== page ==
I Have Breast Cancer: How Do I Tell My Kids?

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October is National Breast Cancer Awareness Month. One in eight women are affected by breast cancer, many that are moms. Finding out you have breast cancer isn’t an easy pill to swallow, especially when kids are in the picture. One big question you may have: How do I tell my kids? Here are five tips to help you navigate the conversation.

1. Answering the ‘why’ questions.
Children are curious and may want to know why mommy got breast cancer. Clarify from the beginning that your child did or said nothing that caused the illness, and that cancer is not something you catch like a cold.

2. Use simple language.
Don’t use “doctor talk” when discussing treatment and physical issues with your children. Instead, explain to them by pointing to the area and keeping the words you use short and brief.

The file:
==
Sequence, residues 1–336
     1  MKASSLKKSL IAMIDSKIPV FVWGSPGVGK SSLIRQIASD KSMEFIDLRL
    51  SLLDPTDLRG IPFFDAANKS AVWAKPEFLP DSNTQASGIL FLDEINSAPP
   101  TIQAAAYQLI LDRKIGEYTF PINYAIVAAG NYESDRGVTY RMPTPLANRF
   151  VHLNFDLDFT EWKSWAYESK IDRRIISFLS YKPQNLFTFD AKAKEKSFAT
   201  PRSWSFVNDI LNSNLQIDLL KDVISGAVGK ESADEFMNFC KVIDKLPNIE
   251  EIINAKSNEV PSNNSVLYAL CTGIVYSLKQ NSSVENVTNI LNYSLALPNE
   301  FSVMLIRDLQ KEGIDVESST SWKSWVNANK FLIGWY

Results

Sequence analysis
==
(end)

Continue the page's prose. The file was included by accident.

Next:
3. Listen.
The questions your children ask are a way to understand what they want to know and what they understand. Listening helps you avoid talking above their level of understanding and possibly causing confusion. Encourage your children to express their feelings, and that’s it’s OK to ask questions.

4. Don’t beat around the bush.
Avoiding questions about death does not protect children from potential anxiety and fears. If your child asks questions about death, be upfront with them and use the words “die” or “death.” One response to a question about death could be: “Some people do die from having cancer, but a lot of people also get better and live to be old.”

5. Don’t forget how strong your kids are.
Children, including the younger ones, go through a lot with each developmental milestone. The information you choose to share with them about breast cancer can actually be a learning environment for them.

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